logic within the first processing element operable to expect and to receive keepalive inquiries at an expected rate from a second processing element and to send responses to the inquiries, the first processing element further operable to cause remedial action to be taken after not receiving any inquiries within a first predetermined time period; and
wherein the remedial action includes transmitting a message operable to disrupt the operation of the other processing element; and
wherein the first predetermined time period is larger than a second predetermined time period after which operation of the first processing element is disrupted if no responses to any inquiries are sent within the second predetermined time period, and wherein the first predetermined time period is based on an amount of time needed for the first processing element to cause remedial action to be taken, the first predetermined time period and the second predetermined time period selected to prevent simultaneous shutdown of both the first processing element and the second processing element in the event of a failure of the communication link.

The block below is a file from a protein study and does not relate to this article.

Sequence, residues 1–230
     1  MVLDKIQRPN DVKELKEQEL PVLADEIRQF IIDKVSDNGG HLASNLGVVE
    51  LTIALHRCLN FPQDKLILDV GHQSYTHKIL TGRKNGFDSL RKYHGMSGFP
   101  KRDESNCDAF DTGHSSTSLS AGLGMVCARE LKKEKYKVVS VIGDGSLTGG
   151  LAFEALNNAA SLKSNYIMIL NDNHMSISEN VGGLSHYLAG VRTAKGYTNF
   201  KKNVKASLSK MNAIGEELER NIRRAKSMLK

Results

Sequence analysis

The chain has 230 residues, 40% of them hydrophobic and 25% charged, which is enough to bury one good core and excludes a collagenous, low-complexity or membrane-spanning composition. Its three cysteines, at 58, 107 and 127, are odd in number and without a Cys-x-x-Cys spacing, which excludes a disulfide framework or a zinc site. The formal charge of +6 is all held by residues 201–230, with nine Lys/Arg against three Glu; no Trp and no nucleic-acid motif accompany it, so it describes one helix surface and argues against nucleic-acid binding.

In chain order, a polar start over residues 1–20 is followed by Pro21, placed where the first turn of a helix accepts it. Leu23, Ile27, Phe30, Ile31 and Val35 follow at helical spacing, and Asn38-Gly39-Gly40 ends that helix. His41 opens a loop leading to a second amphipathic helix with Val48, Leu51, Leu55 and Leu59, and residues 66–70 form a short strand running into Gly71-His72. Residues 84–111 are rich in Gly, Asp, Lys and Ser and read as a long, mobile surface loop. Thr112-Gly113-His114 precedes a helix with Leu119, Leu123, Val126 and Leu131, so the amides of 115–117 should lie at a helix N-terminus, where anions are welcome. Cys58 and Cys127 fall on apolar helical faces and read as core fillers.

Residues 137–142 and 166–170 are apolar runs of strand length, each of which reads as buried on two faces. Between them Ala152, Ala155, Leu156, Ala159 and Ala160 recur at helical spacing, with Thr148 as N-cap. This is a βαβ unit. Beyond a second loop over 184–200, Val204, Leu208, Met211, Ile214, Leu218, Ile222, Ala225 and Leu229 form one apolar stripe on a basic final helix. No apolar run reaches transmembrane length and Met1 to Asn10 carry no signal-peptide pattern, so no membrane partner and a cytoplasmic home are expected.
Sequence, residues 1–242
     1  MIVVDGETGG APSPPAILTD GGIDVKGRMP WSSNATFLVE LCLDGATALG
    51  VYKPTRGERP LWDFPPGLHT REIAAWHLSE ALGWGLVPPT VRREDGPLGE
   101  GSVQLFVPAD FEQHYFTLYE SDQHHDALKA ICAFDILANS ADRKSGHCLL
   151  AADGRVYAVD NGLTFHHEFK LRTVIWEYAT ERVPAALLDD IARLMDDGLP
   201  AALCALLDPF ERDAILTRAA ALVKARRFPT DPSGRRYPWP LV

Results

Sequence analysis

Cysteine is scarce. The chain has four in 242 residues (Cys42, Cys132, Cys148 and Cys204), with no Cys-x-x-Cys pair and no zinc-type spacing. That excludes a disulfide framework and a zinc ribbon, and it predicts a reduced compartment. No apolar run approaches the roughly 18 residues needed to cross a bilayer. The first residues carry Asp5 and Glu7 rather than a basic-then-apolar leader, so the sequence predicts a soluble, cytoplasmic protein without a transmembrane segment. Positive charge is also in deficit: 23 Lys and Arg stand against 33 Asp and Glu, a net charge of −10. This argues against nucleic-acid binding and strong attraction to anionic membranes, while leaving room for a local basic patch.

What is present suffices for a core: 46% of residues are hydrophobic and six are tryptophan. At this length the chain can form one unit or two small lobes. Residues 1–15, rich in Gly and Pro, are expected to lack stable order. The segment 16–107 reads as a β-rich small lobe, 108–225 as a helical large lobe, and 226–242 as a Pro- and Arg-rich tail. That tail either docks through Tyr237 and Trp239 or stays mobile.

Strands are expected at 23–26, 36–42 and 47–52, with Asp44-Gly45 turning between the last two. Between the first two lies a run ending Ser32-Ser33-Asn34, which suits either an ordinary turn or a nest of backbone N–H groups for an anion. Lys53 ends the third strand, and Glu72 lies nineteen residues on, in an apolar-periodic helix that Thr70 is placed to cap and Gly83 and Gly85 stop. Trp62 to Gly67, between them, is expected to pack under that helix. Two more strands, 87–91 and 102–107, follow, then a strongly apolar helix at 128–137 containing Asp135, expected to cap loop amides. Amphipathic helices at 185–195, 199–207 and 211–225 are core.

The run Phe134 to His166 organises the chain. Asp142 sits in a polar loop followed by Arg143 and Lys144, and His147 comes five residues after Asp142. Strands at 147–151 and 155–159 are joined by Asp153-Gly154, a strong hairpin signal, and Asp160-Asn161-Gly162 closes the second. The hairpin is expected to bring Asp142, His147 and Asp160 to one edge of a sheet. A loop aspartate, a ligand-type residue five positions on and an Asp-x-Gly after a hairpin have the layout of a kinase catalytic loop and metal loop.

33. The system of claim 32, wherein the first processing element comprises a portion of a processing unit operable to perform at least one function.
34. The system of claim 32, wherein the first processing element is a router.
35. The system of claim 32, wherein the message resets the other processing element.
36. The system of claim 32, wherein the first predetermined time period is approximately at least twice the second predetermined time period.
37. A method for asymmetric failure detection, comprising:
receiving keepalive inquiries at an expected rate at a first processing element from a second processing element;
sending responses in response to the transmitted inquiries;